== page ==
16 November 2006

Of The Theocrat Menace.


In the New York Times (of all places), Books & Culture editor John Wilson exposes the loopiness and general ignorance of those who hammer out Warning! for fear of evangelical "theocrats":

" . . . Many years ago, when I was teaching English at a large state university, I sat through part of a faculty debate on the problem posed by evangelical groups who were “proselytizing.” These professors, you understand, were fully committed to free speech — they’d swear to it, so help me Mario Savio — but they were concerned about the vulnerability of impressionable young minds to the seductive wiles of Campus Crusade for Christ, InterVarsity Christian Fellowship and other such evangelical organizations.

I left while the hand-wringing was still in progress and walked across the campus, passing a row of tables. One displayed books published by Progress Press, including works by Lenin and some classics of Socialist Realism. The books were dingy, as if they had been sitting outside for a long time, but I was tempted by Viktor Shklovsky’s study of Tolstoy. The fellow who took my money — studious, by the look of him, and with hair almost as long as mine — wanted me, improbably enough, to become a Communist.

The university was a marketplace of ideas. Wherever I turned, someone was trying to persuade me to do something. A young woman in a fetching tank top wanted me to join the army of the credit-card indebted. (I had already enlisted and re-upped, foolishly, at great eventual cost before I was discharged.) A couple of beefy guys wanted me to drink beer and do whatever else fraternity guys do. But some ideas are more threatening than others. So the evangelicals were a problem.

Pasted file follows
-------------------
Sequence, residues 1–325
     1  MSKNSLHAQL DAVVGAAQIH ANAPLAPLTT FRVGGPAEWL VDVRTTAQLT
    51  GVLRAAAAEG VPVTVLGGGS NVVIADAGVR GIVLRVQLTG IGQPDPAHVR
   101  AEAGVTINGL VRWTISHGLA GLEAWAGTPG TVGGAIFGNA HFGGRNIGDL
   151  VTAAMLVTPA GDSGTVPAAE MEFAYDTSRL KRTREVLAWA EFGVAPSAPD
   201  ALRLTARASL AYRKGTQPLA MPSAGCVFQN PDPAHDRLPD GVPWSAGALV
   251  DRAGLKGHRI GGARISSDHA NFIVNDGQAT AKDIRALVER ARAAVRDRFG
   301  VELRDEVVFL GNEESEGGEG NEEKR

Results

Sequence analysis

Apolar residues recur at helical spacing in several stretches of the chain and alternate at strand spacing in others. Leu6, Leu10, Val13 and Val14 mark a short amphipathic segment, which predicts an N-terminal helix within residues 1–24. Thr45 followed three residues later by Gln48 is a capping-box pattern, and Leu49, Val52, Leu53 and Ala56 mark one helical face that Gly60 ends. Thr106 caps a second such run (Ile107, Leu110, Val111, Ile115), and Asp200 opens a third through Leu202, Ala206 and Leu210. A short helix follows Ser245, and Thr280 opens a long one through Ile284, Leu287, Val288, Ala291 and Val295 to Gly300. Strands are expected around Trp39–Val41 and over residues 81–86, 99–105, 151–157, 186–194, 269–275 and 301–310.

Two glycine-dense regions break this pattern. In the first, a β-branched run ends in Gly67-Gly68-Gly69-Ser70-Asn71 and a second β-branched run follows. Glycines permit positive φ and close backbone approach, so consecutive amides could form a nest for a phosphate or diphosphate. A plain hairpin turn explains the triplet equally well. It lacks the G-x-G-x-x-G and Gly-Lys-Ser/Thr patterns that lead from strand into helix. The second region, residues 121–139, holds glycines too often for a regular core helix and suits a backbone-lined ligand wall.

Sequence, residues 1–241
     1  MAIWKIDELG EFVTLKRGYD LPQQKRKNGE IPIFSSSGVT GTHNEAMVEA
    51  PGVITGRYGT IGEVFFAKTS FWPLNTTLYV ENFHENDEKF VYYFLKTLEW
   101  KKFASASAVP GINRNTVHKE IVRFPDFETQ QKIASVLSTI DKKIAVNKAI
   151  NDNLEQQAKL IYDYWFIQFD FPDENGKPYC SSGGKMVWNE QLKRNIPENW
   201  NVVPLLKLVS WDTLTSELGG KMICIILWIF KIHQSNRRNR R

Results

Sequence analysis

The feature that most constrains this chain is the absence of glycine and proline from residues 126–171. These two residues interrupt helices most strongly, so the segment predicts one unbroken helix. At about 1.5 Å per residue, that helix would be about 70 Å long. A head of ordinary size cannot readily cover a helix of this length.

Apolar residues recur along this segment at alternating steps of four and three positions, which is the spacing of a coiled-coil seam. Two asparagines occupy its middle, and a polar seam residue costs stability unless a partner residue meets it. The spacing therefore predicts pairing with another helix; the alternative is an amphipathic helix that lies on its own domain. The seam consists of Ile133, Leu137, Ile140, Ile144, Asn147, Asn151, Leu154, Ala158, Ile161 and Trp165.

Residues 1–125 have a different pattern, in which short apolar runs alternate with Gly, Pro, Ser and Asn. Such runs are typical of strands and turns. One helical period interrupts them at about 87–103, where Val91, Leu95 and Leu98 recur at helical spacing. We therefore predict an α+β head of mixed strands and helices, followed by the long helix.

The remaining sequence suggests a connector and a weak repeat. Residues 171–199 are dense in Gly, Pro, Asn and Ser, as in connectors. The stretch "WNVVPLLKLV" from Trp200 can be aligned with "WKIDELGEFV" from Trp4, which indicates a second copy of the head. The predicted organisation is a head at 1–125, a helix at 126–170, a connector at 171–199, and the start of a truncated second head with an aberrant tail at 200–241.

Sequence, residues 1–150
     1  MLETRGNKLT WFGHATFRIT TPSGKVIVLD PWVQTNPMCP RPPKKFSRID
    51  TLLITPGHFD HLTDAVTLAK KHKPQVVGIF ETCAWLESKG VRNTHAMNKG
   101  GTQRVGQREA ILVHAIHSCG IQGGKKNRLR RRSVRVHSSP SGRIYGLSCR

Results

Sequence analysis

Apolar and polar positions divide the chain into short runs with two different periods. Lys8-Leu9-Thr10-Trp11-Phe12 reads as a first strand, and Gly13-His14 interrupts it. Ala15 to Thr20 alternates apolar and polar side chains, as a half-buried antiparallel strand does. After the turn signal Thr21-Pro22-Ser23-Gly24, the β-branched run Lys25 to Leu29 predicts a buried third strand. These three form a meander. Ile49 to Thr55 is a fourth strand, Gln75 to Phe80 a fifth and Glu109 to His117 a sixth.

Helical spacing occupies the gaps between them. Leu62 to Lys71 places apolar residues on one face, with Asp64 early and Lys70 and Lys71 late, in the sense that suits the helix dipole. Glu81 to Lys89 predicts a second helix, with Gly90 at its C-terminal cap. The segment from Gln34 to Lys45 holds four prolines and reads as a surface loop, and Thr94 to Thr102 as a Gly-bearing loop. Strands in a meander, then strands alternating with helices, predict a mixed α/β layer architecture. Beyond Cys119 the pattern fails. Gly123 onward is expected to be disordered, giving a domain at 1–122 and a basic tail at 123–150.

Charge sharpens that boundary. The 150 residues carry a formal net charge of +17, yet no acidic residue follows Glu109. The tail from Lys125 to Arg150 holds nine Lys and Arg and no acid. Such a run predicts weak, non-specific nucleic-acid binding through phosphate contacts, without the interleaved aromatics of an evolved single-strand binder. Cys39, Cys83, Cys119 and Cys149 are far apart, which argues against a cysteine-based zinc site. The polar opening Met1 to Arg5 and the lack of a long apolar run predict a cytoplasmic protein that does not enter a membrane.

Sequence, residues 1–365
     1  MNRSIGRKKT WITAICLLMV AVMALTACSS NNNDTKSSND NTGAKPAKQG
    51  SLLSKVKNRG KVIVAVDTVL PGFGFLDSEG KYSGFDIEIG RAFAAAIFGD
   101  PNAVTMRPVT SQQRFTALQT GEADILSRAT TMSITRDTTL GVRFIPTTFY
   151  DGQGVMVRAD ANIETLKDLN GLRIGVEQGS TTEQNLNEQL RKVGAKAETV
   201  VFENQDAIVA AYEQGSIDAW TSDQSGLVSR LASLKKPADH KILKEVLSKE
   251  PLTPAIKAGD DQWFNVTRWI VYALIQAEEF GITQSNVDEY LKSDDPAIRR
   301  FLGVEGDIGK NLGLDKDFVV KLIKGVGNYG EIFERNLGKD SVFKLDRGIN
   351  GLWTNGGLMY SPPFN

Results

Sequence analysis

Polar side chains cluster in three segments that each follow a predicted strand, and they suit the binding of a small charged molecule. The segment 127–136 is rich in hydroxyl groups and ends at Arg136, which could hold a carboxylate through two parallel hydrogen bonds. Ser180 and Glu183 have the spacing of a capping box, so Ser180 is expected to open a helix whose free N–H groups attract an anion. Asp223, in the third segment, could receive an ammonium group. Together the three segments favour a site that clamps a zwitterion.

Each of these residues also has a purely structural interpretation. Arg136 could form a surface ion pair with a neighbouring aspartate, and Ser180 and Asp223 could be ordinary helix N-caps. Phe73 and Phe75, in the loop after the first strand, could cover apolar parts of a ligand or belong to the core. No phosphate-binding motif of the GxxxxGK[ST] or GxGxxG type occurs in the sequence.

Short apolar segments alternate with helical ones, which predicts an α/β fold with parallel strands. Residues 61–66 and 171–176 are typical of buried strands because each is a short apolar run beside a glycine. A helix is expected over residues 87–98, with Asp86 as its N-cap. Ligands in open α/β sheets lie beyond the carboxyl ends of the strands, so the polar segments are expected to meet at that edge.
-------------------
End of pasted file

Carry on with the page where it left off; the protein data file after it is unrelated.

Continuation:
Evidently we still are. But such is life in a pluralistic nation. Even as book after book sounds the alarm about the evangelical menace — coming in January, Chris Hedges’ “American Fascists: The Christian Right and the War on America” — conservative evangelical activists are sending out fund-raising letters portraying themselves as a beleaguered remnant. The reality, as usual, is considerably messier."

Here's the whole thing. Cited some time ago, but Ross Douthat has already accomplished a complete dimantling of the paranoid stylings of the theocracy alarmists.
 

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